Sports Legends Museum at Camden Yards

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Sports Legends Museum at the former B&O Railroad's Camden Station

Sports Legends Museum at Camden Yards was a non-profit sports museum in Baltimore, Maryland, United States, owned and operated by the Babe Ruth Birthplace & Museum. It opened on May 14, 2005, with the daughter of celebrated baseball player Babe Ruth in attendance.[1] After ten years of operation the museum closed abruptly on October 12, 2015 after failing to reach an agreement with the Maryland Stadium Authority for the continued use of Camden Station.[2] The 22,000-square-foot (2,044 m2) museum was adjacent to the main gate of Oriole Park at Camden Yards and had artifacts and interactive exhibits profiling Maryland’s sports history. Exhibits included such area teams as the Baltimore Orioles, Baltimore Ravens, Baltimore Colts, Maryland Terrapins, Baltimore Elite Giants, Baltimore Black Sox, and the Baltimore Blast.[3]

The museum was housed in the former Camden Station, originally constructed in 1857 by the Baltimore and Ohio Railroad (B&O) as its main passenger station in Baltimore. After being vacant since the 1980s, the depot's exterior was restored in the 1990s as part of the development of the Camden Yards Sports Complex. Later interior renovations and remodeling were made to accommodate the building's adaptive reuse as a sports museum. Geppi's Entertainment Museum, which opened in September 2006, was located on the upper level of the building, directly above where Sports Legends at Camden Yards was, until 2018. The nearby Babe Ruth Birthplace & Museum remains in existence as a separate museum on Emory Street, two and a half blocks from Camden Station.[4]

A replica of the Vince Lombardi Trophy from Super Bowl V is part of the museum's collection.[5] The original trophy from the Colts' 1971 Super Bowl victory was taken by former owner Carroll Rosenbloom[5] after he traded the Colts for the Los Angeles Rams in 1972.[6] A replica trophy was later made for the Colts, but in the Midnight Move of 1984, the team was not allowed to keep the trophy. That trophy stayed in the city of Baltimore's possession, and was placed in the Sports Legends Museum.[7]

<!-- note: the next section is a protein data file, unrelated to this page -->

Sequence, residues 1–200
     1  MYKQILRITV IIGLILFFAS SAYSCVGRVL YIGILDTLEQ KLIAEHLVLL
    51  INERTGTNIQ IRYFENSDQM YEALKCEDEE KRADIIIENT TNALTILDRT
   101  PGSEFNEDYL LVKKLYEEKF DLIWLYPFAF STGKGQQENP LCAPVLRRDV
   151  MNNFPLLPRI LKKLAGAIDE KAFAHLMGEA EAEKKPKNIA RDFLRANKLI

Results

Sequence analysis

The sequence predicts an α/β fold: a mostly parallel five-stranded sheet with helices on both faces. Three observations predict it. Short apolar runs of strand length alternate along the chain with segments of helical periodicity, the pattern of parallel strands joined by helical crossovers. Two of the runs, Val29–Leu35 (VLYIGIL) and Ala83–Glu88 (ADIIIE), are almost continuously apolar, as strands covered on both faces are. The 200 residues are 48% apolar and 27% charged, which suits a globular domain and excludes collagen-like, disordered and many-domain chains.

See also[edit]


  1. ^ Stiehm, Jamie (May 15, 2005). "Sports history hits home at museum". The Baltimore Sun. p. 1B. Retrieved 2009-05-06.
  2. ^ Sherman, Natalie; Encina, Eduardo A.; Barker, Jeff (2015-10-12). "Sports Legends Museum closes its doors". The Baltimore Sun. Retrieved 2016-03-06.
  3. ^ Lyght, Daniel (July 28, 2004). "Camden Yards expansion gives Ruth Museum a place to grow". The Baltimore Sun. p. 1C. Retrieved 2009-05-06.
  4. ^ "Sports Legends has Moved Out". Babe Ruth Birthplace and Sports Legends Museums. Babe Ruth Birthplace Foundation, Inc. 12 October 2015.
  5. ^ a b Simers, T.J. (29 January 2000). "There Are Many Who Believe Georgia Is the Original Trophy Wife". Los Angeles Times. Retrieved 3 October 2017.
  6. ^ "Big Deals". Los Angeles Times. 28 February 1996. Retrieved 3 October 2017. * July 13, 1972--Los Angeles Rams part-owner Robert Irsay purchases the remaining $19 million in stock and swaps franchises with Baltimore Colt owner Carroll Rosenbloom.
  7. ^ "Almost Religion: Baltimore's Colts". Babe Ruth Birthplace and Sports Legends Museums. Babe Ruth Birthplace Foundation, Inc. Retrieved 2011-02-28.

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Coordinates: 39°17′02″N 76°37′09″W / 39.2839°N 76.6192°W / 39.2839; -76.6192